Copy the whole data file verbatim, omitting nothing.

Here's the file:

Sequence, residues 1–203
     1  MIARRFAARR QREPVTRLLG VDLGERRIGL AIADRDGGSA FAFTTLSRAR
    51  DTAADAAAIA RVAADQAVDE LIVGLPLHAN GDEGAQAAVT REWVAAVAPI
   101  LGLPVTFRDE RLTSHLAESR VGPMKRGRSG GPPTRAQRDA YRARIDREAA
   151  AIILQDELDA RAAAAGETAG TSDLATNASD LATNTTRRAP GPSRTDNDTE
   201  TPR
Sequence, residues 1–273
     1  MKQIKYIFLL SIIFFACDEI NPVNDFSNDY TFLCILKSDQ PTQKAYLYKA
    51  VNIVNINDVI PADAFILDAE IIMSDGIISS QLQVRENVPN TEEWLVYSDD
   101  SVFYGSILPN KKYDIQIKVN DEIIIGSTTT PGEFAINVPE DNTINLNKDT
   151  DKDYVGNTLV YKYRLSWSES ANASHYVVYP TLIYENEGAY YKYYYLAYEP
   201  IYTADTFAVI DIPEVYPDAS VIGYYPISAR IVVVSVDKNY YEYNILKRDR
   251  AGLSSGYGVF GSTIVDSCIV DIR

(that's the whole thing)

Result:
Sequence, residues 1–203
     1  MIARRFAARR QREPVTRLLG VDLGERRIGL AIADRDGGSA FAFTTLSRAR
    51  DTAADAAAIA RVAADQAVDE LIVGLPLHAN GDEGAQAAVT REWVAAVAPI
   101  LGLPVTFRDE RLTSHLAESR VGPMKRGRSG GPPTRAQRDA YRARIDREAA
   151  AIILQDELDA RAAAAGETAG TSDLATNASD LATNTTRRAP GPSRTDNDTE
   201  TPR
Sequence, residues 1–273
     1  MKQIKYIFLL SIIFFACDEI NPVNDFSNDY TFLCILKSDQ PTQKAYLYKA
    51  VNIVNINDVI PADAFILDAE IIMSDGIISS QLQVRENVPN TEEWLVYSDD
   101  SVFYGSILPN KKYDIQIKVN DEIIIGSTTT PGEFAINVPE DNTINLNKDT
   151  DKDYVGNTLV YKYRLSWSES ANASHYVVYP TLIYENEGAY YKYYYLAYEP
   201  IYTADTFAVI DIPEVYPDAS VIGYYPISAR IVVVSVDKNY YEYNILKRDR
   251  AGLSSGYGVF GSTIVDSCIV DIR